When I was fresh out of college, I had a conversation with my sister’s academic advisor, a Ph.D. in in immunology. He was giving me advice on how to get academics to explain their work in more detail. His advice, challenge them by saying, You don’t really believe that, do you? A great question to get people, not just academics, to talk.
Albert Einstein said, If I had an hour to solve a problem and my life depended on the solution, I would spend the first 55 minutes determining the proper question to ask, for once I know the proper question, I could solve the problem in less than five minutes.
Frances Peavey, an early leader in the use of strategic questions said, Questions can be like a lever you use to pry open the stuck lid on a paint can. . . . If we have a short lever, we can only just crack open the lid on the can. But if we have a longer
lever, or a more dynamic question, we can open that can up much wider and really stir things up. . . . If the right question is applied, and it digs deep enough, then we can stir up all the creative solutions.
The soul of the case comes from the interview and the strongest argument for a cause generally comes into view through long-lever questions. Short-lever questions provide for an–at best–average case. When you make your case, invest your best thinking into producing dynamic questions.
Things to keep in mind when preparing the interview.
1. Ask open-ended questions. You don’t want one-word answers, rather you want to pan for nuggets of information. Instead of asking if the charity has a good reputation in the community, ask the interviewees to describe the charity’s reputation. Or better yet, ask them how they think their neighbours would describe the charity’s reputation and role in the community.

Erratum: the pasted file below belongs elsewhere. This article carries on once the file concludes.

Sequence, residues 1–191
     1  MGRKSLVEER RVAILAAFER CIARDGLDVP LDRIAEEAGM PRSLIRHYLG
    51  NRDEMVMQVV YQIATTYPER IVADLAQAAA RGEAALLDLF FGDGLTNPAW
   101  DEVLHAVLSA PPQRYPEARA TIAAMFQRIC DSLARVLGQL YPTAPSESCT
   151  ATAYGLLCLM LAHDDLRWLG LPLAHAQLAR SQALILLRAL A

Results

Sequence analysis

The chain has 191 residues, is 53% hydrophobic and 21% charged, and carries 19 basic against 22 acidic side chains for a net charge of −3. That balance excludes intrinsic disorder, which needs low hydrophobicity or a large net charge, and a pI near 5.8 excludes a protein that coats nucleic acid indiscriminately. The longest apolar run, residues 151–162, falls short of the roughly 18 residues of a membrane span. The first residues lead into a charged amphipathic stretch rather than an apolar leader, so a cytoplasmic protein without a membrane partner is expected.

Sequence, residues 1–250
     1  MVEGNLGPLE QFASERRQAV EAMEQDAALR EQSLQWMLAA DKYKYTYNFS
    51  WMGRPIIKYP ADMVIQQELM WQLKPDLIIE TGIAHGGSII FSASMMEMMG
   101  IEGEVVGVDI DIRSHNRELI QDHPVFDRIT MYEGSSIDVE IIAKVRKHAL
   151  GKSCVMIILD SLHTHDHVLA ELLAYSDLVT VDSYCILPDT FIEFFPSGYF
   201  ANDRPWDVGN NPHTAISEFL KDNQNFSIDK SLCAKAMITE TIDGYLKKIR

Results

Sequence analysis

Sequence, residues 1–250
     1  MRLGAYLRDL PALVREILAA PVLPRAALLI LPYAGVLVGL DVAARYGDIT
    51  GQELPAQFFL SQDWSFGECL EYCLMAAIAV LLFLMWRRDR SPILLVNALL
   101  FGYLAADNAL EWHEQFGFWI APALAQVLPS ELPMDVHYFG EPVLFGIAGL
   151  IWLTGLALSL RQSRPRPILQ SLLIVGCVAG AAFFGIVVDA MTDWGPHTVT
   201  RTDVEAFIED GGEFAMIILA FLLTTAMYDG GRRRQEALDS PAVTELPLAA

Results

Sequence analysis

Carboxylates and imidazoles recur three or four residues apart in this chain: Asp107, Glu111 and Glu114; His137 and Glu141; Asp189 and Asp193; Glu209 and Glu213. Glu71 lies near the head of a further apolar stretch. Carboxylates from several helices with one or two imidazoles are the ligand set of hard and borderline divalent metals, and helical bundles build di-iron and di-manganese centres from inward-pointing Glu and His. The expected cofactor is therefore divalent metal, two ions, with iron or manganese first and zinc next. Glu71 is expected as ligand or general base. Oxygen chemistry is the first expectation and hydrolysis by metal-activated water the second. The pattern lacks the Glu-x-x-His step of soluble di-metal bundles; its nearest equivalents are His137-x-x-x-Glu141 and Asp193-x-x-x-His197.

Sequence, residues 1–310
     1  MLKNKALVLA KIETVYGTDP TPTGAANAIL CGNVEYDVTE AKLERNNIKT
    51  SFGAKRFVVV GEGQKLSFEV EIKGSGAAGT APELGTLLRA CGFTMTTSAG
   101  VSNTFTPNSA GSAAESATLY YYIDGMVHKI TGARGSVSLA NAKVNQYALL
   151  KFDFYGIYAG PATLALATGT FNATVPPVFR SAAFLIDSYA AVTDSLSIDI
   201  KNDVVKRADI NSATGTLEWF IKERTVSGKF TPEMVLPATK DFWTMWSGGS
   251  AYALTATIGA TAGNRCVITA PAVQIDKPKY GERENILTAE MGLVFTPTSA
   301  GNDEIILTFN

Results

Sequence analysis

2. Ask how, what and why questions. Think of a journalist’s go-to questions, the 5W+H: What, why where, when, who and how. What, why and how generally make the most powerful questions. Explore on these them. For example: How do you think the new equipment will make a difference? in your opinion, what impact has this organization and its cause made over the past X years? With so many good causes in the community, why is it important to you to support this organization?
3. Ride the why. Why is a question that can never be fully satisfied. There is always another why waiting to be answered. A parent knows this well. [Why can’t I have a chocolate bar? // because we’re having dinner in 10 minutes // why are we having dinner in 10 minutes? // because we invited Grandma and Grandpa for dinner at 6:30 // why, why, why.] But there is a time and place for why questions. In fact, it can be most helpful to ask a series of why questions. Try it and you’ll find that eventually you will hit bedrock, that core reason or idea that makes you say, aha…go it.
4. Look for the relationship between the why and the how. Your case will be clear when you align the why of the cause with the how of how the funds will be used. This is elementary and obvious for some cases, but not for all.
5. Give yourself time. Prepare your questions a day or two in advance of the interview. When you review the questions, look, with fresh eyes, for ways to lengthen the lever.
6. Be curious. Go in to the interview with a lineup of good questions, and give yourself freedom to explore. It’s okay to detour from your plan, if you think it will provide you with good content.
One last thing. I attended a coaching workshop last year. The facilitator placed a rubber ducky on each of the session packages. She said this is to remind you to shut the duck up. When you meet with a donor or a volunteer (your partner or parent) listen, listen, listen. You don’t gather information when you are talking.
My question for you: If you had 45 minutes with a donor or a volunteer, what would you ask him or her?
For more on the art of powerful questions, visit http://www.theworldcafe.com/pdfs/aopq.pdf